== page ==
JPEGSnoop, as you might guess from the name, is a tiny tool that can tell you everything you need to know about JPEG images.

Much of this information is highly technical. Do you really want to view the Huffman codes and Quantization tables for a particular digital photo, for instance? Probably not, even if you're a JPEG expert. Don't let all this jargon put you off, though - look past the jargon and complexity and you'll find plenty of useful details and capabilities here.

JPEGSnoop will display any EXIF data that might have been embedded in the image by a digital camera, for instance: the date it was taken, maybe the location, the model of camera used, whether a flash was used, and much more.

Have you ever wondered if a photo has been edited? JPEGSnoop includes a database of the EXIF markers and compression signatures used by many cameras and photo editors, and if you scroll to the bottom of the report then it'll tell you whether it thinks this image has been edited, or is still in its original form (this isn't always accurate, but it's worth a look).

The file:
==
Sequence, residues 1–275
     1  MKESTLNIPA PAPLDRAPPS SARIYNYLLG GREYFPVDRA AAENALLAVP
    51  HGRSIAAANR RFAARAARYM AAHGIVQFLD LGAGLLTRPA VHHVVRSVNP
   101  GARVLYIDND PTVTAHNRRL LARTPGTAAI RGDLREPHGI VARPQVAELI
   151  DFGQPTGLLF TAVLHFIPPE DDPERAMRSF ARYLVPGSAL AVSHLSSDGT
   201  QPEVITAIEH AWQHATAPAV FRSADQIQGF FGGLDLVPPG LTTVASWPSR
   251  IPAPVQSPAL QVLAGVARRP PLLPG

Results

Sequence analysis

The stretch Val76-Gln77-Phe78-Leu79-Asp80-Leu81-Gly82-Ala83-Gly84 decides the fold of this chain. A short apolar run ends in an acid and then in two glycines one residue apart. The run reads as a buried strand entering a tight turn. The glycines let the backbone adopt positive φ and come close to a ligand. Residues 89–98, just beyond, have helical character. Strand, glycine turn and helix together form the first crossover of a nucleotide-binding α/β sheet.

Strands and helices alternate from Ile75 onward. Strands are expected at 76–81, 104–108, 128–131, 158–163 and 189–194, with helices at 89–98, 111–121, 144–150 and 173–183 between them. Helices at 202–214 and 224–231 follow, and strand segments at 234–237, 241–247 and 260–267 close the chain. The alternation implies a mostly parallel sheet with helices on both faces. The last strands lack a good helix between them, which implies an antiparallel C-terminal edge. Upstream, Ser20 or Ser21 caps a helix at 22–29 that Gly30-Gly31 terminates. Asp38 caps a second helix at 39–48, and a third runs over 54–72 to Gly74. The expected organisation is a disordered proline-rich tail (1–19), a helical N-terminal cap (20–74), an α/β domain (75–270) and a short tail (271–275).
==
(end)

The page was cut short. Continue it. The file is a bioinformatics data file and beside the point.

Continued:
JPEGSnoop can also extract and save JPEG images from various file types, beyond regular images: thumbnail files (THM), PDFs, digital negatives (DNG), QuickTime and AVI movies, as long as they're Motion JPEG files (which you probably won't know, but try it and see).

And if you have a particular JPEG that's been corrupted, and so won't display any more, then you may still be able to use the program to view and extract its thumbnail (assuming the file contains one). This will be very small, typically 160x120 pixels, but if the full-sized image is an important one, that really has gone forever, then any replacement will probably be very welcome.


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JPEGSnoop is an interesting computer forensics tool with some unusual features, and is well worth a place in anyone's graphics toolkit